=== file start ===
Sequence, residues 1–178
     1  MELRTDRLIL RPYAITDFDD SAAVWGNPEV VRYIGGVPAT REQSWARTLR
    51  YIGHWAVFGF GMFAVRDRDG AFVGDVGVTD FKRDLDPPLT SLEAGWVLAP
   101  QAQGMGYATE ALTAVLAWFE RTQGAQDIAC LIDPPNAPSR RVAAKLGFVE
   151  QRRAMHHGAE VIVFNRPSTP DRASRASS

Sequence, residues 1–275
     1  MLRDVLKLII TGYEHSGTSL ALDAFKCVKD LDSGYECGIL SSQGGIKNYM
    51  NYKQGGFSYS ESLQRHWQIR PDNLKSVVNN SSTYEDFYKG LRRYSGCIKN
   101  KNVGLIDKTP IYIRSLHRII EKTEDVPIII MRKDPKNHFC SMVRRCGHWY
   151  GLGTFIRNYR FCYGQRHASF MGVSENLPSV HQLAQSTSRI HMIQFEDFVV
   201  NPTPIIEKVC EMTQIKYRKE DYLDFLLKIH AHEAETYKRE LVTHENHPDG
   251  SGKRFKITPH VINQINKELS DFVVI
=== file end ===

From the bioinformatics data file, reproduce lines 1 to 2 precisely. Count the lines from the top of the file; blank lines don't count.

Sequence, residues 1–178
     1  MELRTDRLIL RPYAITDFDD SAAVWGNPEV VRYIGGVPAT REQSWARTLR